CLEARWATER, Fla., Nov. 26, 2012 /PRNewswire/ -- In August 2012, yet not reported until October, one malicious email opened by an employee of the South Carolina Department of Revue caused a massive cyberattack – theft of 3.8 million tax returns, Social Security numbers of 1.9 million people, access to data on 699,900 business tax returns and 3.3 million bank accounts, according to NBC.com. KnowBe4, an internet security awareness training firm, says that attacks like this could be prevented by training employees not to fall for attacks by hackers using phishing emails.
An international hacker sent South Carolina Department of Revenue employees an email containing an embedded link to a website infected with malware. Unfortunately, one employee unknowingly clicked on the link (1). From that one click, the cybercriminal was able to steal the employee's "secure" user name and password. For weeks after, the cybercriminal started copying large amounts of information and transferring them onto zip files that were transferred outside of the system.
Stu Sjouwerman, CEO and founder of KnowBe4, states that attacks like this can be prevented and millions of dollars, accounts, and identities can be safeguarded. KnowBe4 specializes in protecting governmental agencies against cybercrime. "The hacker literally got into the [South Carolina] system just by one single email that was clicked on," Sjouwerman commented. "We have been noticing that infrastructure companies and government organizations have not yet taken the necessary employee security awareness training to prevent cyberattacks."
Sjouwerman realized the best way to stop a cybercrime is to think like a hacker, so he partnered with formerly 'The World's Most-wanted Hacker,' Kevin Mitnick. Kevin Mitnick gained notoriety for penetrating the complex and highly protected computer systems of companies such as Sun Microsystems, Digital Equipment Corporation, Pacific Bell, and Motorola. Today, he applies his vast knowledge of social engineering, phishing tactics, and network vulnerabilities as a good-guy, consulting for the Fortune 100, and sometimes the very companies he attacked.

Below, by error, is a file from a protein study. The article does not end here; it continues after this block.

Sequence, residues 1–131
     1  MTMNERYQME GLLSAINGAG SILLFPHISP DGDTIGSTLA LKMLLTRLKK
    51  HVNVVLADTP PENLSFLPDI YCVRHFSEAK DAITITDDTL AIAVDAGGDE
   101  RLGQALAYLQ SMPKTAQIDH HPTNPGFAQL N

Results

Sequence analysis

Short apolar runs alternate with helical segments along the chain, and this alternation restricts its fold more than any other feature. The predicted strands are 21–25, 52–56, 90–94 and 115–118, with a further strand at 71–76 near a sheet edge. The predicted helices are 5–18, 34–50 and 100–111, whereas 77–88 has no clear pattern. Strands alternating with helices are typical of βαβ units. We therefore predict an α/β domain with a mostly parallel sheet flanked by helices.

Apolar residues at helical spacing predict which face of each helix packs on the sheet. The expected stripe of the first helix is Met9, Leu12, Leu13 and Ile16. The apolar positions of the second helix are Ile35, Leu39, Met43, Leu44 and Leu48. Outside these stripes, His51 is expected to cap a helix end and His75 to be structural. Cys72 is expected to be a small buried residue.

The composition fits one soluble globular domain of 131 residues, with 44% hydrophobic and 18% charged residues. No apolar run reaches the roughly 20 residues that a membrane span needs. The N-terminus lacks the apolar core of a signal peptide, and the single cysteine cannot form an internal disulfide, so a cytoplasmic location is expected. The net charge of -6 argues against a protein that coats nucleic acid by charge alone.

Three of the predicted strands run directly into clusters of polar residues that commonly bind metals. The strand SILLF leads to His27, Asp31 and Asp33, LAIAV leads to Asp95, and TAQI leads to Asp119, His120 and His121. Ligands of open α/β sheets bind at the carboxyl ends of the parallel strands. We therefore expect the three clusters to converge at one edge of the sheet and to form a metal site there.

KnowBe4 and Kevin Mitnick developed Kevin Mitnick Security Awareness Training. This security awareness training uses knowledge of the latest cybercrime tactics in real-time to train government employees from being duped by cyberattacks. The training is interactive and web-based, and includes case studies, live demonstration videos and short tests.
"Just one click can cost an organization millions of dollars, or in this recent case, millions of stolen identities," Sjouwerman added. "Employee training is essential to prevent costly cyberattacks – [KnowBe4] has access to the world's foremost hacking expert to ensure the proper safety measures are taken."
Local governments can get started today by requesting a free phishing security test and a free email exposure check (EEC), which will reveal all email addresses that are publicly available to cybercriminals.
For more information on how KnowBe4 can protect against cybercrime, visit http://www.knowbe4.com/products/kevin-mitnick-security-awareness-training.
To view Sjouwerman's interview on CBS regarding cybercrime, visit http://www.youtube.com/watch?v=dultIFSgQS0.
About Stu Sjouwerman and KnowBe4
Stu Sjouwerman is the founder and CEO of KnowBe4, LLC, which provides web-based Internet Security Awareness Training (ISAT) to small and medium-sized enterprises. A data security expert with more than 30 years in the IT industry, Sjouwerman was the co‑founder of Inc. 500 company Sunbelt Software, an award-winning anti-malware software company that he and his partner sold to GFI Software in 2010. Realizing that the human element of security was being seriously neglected, Sjouwerman decided to help entrepreneurs tackle cybercrime tactics through advanced security awareness training. He and his colleagues work with companies in many different industries, including highly-regulated fields such as healthcare, finance and insurance. Sjouwerman is the author of four books, with his latest being Cyberheist: The Biggest Financial Threat Facing American Businesses Since the Meltdown of 2008. Visit www.knowbe4.com or www.knowbe4.com/cyberheist-the-book.
(1) Isikoff, Michael. NBCnews.com, November 20, 2012. "One email exposes millions of people to data theft in South Carolina," http://openchannel.nbcnews.com/_news/2012/11/20/15313720-one-email-exposes-millions-of-people-to-data-theft-in-south-carolina-cyberattack?lite=
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